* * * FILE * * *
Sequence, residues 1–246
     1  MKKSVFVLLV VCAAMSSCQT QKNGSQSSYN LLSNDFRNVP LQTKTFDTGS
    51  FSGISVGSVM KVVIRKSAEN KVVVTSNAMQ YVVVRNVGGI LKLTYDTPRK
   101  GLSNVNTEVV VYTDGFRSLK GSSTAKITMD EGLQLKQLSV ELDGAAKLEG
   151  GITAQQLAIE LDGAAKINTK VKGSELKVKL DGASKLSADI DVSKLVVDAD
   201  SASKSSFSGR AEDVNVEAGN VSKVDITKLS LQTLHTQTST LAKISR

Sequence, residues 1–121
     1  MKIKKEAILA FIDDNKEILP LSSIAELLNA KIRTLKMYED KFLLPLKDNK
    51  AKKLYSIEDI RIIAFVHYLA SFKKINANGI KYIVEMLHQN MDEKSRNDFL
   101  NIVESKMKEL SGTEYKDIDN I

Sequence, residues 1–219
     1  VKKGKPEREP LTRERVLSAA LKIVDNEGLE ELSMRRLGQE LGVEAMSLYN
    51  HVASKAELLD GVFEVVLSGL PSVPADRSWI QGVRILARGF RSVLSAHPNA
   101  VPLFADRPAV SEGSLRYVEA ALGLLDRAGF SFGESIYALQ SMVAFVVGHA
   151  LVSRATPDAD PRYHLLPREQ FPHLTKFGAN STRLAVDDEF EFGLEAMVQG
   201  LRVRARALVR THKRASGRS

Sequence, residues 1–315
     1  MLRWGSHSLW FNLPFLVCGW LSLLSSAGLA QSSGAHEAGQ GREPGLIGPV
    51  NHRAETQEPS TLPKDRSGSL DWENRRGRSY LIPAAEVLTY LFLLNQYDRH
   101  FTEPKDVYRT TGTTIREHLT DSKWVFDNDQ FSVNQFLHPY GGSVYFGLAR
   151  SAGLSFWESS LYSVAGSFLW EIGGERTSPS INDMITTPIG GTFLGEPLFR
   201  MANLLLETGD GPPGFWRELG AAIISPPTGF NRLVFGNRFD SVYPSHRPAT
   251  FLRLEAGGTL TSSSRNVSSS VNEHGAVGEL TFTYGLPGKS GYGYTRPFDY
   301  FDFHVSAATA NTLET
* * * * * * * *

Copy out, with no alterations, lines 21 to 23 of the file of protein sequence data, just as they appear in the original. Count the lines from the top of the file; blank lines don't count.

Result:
   151  SAGLSFWESS LYSVAGSFLW EIGGERTSPS INDMITTPIG GTFLGEPLFR
   201  MANLLLETGD GPPGFWRELG AAIISPPTGF NRLVFGNRFD SVYPSHRPAT
   251  FLRLEAGGTL TSSSRNVSSS VNEHGAVGEL TFTYGLPGKS GYGYTRPFDY